• Using the estimate to create a project budget.
• Using your budget to explain the project sponsor and being clear about how much the project is going to cost.
By doing the above you can manage your costs through accurate cost control until project completion. This involves comparing what you are spending in real life to the estimates and the project budget that you put together. Hopefully they aren’t too far apart, but if you notice a trend towards spending too much or incorrect estimates then you’ll be early enough to correct it. You can fix what you notice, so good cost control is important.
NOTE: Good cost control involves more than just tracking what you spend. You also have to monitor the amount of work being done on the project. It’s purely a combination of money and tasks completed that gives you a view of whether the project is spending beyond its means.
a) Making Decisions
The one thing you will need to get straight - while the project sponsor is there for the BIG decisions, as the Project Manager you are responsible for majority of the decisions made on the project, even the big ones. As a matter of fact, even when you aren’t actually taking a decision, you will be putting forward a recommendation as to what decision you think the sponsor should take, because you have all the details and have spent ages considering it and they might not have the ability to do that.
b) Engaging Stakeholders
Not long ago, the project management literature talked about ‘stakeholder management’. Today it’s recognized that you can’t ‘manage’ a stakeholder. It’s naïve and a bit insulting to suggest that, so we talk about ‘engaging’ them instead.
In practical terms, the tools involved haven’t changed – it’s just the rhetoric and the attitude that’s different. You’ll still plot out who the stakeholders are on the project and whether they are particularly powerful or influential in relation to the work you are doing. Develop a communications plan and put it into practice.
Stakeholder engagement means working with the people who are affected by the project to ensure that they understand the changes that are coming.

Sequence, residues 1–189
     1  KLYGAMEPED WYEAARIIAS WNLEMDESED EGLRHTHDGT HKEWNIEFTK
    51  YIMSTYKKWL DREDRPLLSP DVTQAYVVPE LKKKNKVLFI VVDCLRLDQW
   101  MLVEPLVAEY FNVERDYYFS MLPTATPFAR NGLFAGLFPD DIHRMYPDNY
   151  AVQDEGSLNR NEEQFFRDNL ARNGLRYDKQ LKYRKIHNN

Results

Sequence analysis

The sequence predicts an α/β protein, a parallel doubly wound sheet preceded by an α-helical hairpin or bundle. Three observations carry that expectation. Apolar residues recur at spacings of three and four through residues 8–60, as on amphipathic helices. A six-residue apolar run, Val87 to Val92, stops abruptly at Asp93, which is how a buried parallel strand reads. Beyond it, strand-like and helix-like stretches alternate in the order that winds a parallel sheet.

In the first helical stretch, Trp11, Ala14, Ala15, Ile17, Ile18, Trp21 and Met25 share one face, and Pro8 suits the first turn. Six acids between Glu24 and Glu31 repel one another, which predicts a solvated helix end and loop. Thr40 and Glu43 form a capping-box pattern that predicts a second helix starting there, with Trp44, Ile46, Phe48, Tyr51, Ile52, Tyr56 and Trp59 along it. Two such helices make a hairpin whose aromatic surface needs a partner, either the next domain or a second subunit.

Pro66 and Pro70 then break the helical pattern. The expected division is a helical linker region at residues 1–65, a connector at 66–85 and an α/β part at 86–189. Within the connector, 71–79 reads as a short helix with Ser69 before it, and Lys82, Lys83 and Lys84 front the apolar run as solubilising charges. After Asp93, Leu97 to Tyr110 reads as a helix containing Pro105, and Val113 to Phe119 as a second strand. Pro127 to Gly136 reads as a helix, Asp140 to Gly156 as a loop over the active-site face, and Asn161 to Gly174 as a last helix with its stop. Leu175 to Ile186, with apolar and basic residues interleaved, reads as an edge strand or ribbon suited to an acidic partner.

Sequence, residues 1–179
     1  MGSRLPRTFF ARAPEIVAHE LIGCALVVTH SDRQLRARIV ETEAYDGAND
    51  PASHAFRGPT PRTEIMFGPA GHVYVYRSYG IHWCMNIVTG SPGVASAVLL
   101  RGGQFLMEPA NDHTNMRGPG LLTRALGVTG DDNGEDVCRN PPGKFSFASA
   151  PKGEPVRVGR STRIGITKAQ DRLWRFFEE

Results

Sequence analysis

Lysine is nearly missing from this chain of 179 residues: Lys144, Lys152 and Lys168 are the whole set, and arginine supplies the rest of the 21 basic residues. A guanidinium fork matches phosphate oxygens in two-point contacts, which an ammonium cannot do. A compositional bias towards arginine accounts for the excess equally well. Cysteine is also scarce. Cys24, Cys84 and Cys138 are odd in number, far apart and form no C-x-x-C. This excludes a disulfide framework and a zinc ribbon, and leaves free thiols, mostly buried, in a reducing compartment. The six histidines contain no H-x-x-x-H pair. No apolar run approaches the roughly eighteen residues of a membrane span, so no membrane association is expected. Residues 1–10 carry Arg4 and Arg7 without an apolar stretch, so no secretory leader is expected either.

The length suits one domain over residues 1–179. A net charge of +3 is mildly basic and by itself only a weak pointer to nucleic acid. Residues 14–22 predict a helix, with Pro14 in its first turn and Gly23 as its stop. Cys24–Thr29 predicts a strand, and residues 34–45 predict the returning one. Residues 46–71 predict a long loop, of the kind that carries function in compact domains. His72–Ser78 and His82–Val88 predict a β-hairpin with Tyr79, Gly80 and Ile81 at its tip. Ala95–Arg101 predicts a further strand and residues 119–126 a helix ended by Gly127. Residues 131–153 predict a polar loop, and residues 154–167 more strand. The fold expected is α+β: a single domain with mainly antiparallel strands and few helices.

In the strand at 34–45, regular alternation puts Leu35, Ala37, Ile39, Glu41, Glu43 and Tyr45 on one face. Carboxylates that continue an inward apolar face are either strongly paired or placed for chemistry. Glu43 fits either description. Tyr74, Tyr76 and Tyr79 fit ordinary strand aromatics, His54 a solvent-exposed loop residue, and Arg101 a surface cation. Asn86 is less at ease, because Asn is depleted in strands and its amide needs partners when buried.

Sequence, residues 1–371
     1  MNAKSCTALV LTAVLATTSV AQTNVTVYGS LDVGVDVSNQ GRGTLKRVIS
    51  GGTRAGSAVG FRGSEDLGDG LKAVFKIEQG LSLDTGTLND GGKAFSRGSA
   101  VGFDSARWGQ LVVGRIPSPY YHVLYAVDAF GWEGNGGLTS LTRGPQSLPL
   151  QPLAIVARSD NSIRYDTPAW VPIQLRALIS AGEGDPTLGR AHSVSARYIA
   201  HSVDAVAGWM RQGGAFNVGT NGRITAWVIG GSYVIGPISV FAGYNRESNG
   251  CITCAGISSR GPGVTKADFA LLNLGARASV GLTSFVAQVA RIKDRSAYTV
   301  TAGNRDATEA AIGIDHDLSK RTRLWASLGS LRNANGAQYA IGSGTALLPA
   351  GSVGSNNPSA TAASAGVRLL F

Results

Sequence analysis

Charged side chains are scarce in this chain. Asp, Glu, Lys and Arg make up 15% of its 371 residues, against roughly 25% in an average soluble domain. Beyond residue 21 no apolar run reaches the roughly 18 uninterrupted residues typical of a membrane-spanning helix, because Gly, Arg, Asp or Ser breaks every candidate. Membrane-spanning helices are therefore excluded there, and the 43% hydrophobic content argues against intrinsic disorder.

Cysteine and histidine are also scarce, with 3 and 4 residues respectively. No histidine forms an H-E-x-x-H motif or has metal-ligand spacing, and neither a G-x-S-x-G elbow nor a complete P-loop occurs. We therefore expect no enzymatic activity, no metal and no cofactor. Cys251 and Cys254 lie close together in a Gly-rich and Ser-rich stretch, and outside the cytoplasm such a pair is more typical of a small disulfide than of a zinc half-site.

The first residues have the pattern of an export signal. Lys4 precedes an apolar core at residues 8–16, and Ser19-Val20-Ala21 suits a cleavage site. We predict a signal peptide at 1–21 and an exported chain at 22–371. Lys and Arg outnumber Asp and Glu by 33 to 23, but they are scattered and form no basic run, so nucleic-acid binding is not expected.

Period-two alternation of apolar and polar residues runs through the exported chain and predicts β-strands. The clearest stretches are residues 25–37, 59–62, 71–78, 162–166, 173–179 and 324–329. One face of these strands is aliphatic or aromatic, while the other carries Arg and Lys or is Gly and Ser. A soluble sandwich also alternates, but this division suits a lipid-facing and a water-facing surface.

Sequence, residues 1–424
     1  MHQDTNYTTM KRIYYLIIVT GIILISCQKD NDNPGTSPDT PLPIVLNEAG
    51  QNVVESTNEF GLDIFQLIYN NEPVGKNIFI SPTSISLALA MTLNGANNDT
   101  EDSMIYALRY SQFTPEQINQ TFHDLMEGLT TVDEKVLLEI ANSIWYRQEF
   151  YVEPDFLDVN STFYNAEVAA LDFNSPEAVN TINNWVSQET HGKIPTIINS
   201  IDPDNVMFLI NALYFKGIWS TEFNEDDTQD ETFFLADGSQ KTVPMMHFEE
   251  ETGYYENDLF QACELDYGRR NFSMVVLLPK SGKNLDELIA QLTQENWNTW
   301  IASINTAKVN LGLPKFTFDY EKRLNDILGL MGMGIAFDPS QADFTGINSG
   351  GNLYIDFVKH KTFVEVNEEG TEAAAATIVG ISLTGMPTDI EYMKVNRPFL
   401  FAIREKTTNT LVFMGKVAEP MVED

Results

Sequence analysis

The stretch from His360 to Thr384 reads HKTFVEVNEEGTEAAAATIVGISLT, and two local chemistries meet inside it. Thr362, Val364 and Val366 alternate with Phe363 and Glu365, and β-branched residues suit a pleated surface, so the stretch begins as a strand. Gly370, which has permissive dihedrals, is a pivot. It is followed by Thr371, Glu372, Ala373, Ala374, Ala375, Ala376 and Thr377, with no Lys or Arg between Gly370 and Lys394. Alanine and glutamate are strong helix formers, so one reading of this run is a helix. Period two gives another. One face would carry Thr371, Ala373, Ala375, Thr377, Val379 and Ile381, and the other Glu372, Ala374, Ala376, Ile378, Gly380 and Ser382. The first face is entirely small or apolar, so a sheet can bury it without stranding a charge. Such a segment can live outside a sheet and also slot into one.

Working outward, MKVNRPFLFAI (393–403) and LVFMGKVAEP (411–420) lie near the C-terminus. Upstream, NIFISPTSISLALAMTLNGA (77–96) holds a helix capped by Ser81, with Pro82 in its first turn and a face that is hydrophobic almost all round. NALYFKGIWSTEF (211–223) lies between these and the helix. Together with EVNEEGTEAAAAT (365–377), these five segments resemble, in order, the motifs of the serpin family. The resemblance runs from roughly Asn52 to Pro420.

c) Deliver The Project’s Objectives
You’ll do this with the involvement of your team, and it’s what all the work so far has been leading up to.
Being able to deliver effectively on what you promised relies on being very clear about what that should be. You’ll need to document key success factors and the measures that will be used to assess whether you achieved what you set out to do.
This should be set out in the project’s business case or project initiation document (or both, to varying levels of detail). Therefore it should be relatively straightforward to see what those objectives are – it’s less straightforward to make sure that you are delivering them.
Good planning, strong leadership and an ability to see the big picture as well as the detail will help immensely.
d) Manage the Handover To Live
Delivering the project’s objectives isn’t the end of your role as a Project Manager. The most important thing at the end of the execution phase is to make sure that you provide a clear and complete handover to the team who are going to be managing the project going forward.
A good handover means that you can take a step back. You’ll no longer be the ‘go to’ person about the project and you’ll be able to move on to your next project knowing that the business team are able to make the best of what you’ve delivered to them.
e) Share the Knowledge
“Lessons learned” is how we describe what was learned through the project that could be used on other initiatives in the future. The Project Manager should hold a lessons learned meeting at the end of the project. This helps the team grow and maintains organizational knowledge. In other words, it helps the company from making the same mistakes again.
So that’s what a project manager does all day. Your actual To Do list might look a bit different from this list, but essentially all the tasks on there will contribute to these elements of being a Project Manager. It’s a wide-ranging and challenging job but it’s also varied and a great career choice!